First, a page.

After online hackers discovered a security hole in the popular software platform Java, UTPA’s Information Securities department disabled Java plug-in for Internet Explorer from UTPA computers Jan. 12. An alert was also sent to students and faculty on the same day regarding Java’s vulnerability.
Java, a programming language and computing platform created by Sun Microsystems in 1995, powers programs such as games and business applications. It runs on more than 850 million personal computers worldwide, according to the website of Java’s parent company, Oracle Corporation.
The nationwide online threat was reportedly caused by attackers with a high-end crimeware toolkit known as Blackhole. Dubbed as a “New Year’s gift” by its creator, who goes by the nickname “Paunch” in an underground forum, the attack on Java 7 update 10 was reported Jan. 10 by an independent malware researcher online. The threat was confirmed by researchers from security firm AlienVault that same day.
In response to Java’s zero-day exploit, Joe Voje, UTPA chief information security officer, said the first step taken was to disable Java plug-in from UTPA centrally managed computers for non-trusted zones, browsers attempting to access a non-UTPA owned or contracted web site).
“People usually install software they don’t always need,” Voje said. “Not all websites require Java nowadays. We recommend that students keep track of software they use and need.”
The term zero-day refers to an attack that exploits a previously unknown vulnerability before the owner of the software knows about it.
“In a ‘zero-day’, the software vulnerability has been identified but does not have a direct path,” Voje explained. “It’s basically in the wild.”
Voje said a zero-day attack gives someone the ability to put malicious codes on a website. The individual who was using the vulnerable Java version would then browse to a website and the malicious code would be pushed to the computer. Potentially a backdoor can be installed in the computer and the hacker could then have access to the individual’s personal information.
He said it was confirmed that the current version of Java used by UTPA was not affected by the exploit. UTPA’s computer systems did not experience any malicious activity and no confidential information from the University was compromised as a result of Java’s vulnerability.
Java’s zero-day, which can potentially be found in operating systems such as Microsoft Windows, Mac, and Linux, can result in electronic crimes, such as identity theft, spear phishing (which is an email fraud attempt that targets organizations’ confidential data) and malware, which is software that damages computer systems.
Java also experienced a similar zero-day exploit back in August 2012. In an article in Computerworld, Patrik Runald, security research director at Websense, said his team found more than 100 unique domains with the Java exploit. Due to Java’s many security issues in the past, Voje said Information Securities will continue to monitor the situation.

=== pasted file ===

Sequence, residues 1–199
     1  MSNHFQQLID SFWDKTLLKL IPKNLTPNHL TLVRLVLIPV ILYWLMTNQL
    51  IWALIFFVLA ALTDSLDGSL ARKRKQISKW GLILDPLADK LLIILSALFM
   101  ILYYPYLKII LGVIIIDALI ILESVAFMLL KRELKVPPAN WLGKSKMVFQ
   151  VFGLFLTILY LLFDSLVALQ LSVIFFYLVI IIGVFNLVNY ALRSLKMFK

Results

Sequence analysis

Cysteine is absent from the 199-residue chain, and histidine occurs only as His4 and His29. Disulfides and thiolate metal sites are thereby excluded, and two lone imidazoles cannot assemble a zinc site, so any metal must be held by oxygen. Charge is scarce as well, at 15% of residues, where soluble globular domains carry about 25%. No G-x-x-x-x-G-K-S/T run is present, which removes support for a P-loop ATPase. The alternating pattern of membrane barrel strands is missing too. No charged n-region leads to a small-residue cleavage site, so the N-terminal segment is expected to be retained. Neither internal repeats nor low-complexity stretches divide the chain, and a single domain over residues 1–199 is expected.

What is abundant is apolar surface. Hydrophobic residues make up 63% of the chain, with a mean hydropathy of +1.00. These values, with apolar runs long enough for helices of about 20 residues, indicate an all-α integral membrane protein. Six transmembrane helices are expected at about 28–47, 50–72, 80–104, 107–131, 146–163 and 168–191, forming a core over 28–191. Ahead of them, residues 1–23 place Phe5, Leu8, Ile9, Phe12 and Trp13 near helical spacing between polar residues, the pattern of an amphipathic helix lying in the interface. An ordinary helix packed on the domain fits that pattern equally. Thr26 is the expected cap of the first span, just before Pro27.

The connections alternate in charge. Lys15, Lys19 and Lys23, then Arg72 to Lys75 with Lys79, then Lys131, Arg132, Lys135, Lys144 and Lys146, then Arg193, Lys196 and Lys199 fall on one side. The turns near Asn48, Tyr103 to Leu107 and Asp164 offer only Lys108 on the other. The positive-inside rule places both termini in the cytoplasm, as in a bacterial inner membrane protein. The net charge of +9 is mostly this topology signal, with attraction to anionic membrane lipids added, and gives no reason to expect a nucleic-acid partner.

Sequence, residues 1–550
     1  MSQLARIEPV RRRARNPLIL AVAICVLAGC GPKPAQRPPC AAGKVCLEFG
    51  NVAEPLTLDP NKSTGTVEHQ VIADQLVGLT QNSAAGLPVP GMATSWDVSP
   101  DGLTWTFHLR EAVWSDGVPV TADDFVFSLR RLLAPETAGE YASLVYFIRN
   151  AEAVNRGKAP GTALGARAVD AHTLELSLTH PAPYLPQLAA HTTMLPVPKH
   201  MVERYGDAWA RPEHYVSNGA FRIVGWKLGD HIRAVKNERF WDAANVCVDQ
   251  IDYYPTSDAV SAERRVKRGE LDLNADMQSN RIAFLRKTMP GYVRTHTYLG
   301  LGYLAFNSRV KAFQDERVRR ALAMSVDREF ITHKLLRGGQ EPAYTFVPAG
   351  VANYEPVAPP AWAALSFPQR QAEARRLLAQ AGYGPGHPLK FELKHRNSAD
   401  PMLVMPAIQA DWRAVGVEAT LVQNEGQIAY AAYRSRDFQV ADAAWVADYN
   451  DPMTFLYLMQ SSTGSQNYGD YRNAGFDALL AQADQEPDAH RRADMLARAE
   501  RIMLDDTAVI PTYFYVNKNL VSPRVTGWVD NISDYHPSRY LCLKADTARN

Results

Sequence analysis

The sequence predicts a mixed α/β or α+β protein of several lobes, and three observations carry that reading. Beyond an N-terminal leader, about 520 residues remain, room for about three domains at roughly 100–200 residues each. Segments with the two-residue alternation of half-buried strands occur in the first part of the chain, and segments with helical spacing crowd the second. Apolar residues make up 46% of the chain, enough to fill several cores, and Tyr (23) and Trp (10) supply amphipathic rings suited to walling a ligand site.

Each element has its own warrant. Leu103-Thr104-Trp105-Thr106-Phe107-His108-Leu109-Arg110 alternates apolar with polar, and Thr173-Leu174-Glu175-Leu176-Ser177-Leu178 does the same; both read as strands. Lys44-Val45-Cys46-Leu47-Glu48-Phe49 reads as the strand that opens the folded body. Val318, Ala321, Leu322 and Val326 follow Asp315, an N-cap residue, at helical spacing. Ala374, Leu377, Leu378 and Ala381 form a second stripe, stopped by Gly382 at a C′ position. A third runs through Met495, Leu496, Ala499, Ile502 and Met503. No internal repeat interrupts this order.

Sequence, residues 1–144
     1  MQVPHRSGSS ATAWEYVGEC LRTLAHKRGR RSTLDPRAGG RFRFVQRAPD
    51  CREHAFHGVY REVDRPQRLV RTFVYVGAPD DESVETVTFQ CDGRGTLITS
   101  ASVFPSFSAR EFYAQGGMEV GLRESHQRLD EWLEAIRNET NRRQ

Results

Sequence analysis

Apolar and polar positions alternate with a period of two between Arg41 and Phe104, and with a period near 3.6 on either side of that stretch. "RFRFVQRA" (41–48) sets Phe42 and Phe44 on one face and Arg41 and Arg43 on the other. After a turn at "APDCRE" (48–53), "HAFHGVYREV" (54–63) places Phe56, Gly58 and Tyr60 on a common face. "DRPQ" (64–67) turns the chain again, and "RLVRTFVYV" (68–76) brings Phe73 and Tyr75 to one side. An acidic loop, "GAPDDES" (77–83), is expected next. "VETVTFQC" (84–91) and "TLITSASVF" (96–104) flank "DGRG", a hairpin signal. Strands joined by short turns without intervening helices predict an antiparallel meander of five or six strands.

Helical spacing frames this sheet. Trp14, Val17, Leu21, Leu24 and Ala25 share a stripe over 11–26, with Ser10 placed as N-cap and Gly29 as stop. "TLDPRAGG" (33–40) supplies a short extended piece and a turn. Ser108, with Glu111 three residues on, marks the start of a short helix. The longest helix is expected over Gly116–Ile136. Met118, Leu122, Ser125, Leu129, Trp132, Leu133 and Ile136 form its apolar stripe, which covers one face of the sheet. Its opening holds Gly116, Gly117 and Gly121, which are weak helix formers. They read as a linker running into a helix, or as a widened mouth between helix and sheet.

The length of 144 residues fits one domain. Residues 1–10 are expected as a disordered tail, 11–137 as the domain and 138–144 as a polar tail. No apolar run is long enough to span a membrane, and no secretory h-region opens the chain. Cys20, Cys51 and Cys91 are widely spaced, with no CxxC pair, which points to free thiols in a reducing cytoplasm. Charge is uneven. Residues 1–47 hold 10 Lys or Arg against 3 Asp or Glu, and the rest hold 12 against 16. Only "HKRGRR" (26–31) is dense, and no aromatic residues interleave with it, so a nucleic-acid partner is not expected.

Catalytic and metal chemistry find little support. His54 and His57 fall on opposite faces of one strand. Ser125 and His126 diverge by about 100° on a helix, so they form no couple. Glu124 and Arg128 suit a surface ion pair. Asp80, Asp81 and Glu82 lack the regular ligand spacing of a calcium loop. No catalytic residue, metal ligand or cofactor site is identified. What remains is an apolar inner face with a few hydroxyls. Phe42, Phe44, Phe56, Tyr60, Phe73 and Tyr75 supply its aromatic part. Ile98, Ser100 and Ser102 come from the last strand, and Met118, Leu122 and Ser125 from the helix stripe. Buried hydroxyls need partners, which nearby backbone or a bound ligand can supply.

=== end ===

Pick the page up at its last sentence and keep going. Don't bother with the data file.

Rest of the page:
As a result of the recent scenario, representatives of Oracle issued a new and safer update for Java with a patch Jan. 13 in which its security settings are set higher. Another update was made Feb. 1 to address 50 security vulnerabilities. Voje expressed that Java’s patches explain why there haven’t been many exploits.
“Oracle is a very large and successful software company,” UTPA’s Voje expressed. “I am confident that they will eventually address these particular security issues and continue to provide useful software to the Internet community.”
However, UTPA’s Information Securities still suggest that computer users disable or uninstall Java from their web browsers at home.
If some people might still need Java to access certain websites, Voje suggests doing so with safety precautions. Blackboard, for example, might require Java. Students can continue to use the software safely by adding Blackboard as a “trusted site” in the settings section of the web browser, he explained.
Another alternative for users who need Java for certain applications is to activate Java in one browser and unplug it in another browser for everyday use.
This is not the first time UTPA’s Information Securities has experienced similar risks.
“It’s an ongoing battle,” Voje said. “But zero days are not all common. Patches usually fixes flaws before they are known by the public.”
To prevent becoming a victim of an online exploit, Voje urges computer users to patch and update their system when available. He said people should use a personal firewall and disable features one don’t need on the computer and enable them only when one does. He also recommended people keep track of their online activity.
“We encourage people to remain alert while online and be careful with what you keep on your computer and share,” Voje said. “Always be mindful of what you do on the Internet.”
Jerald Hughes, a computer information systems professor at UTPA, believes it’s OK to trust Java as long as students stay current and update by downloading its latest version. He said all software ages and becomes vulnerable over time.
“Basically, don’t trust any software, until you have good reason to think it’s OK,” Hughes said. “You know where it came from, the software company has a good reputation, you’ve looked at the reviews, you got it from a trustworthy place and your protection software has scanned it for safety.”
According to Hughes, the hardest part about staying safe online is keeping up to date.
“When Java, Firefox, Adobe, or any of your software wants to update, do it,” Hughes said. “All the antivirus software suites now come with a piece which scans the websites you’re going to and warns you if they look dangerous—use it.”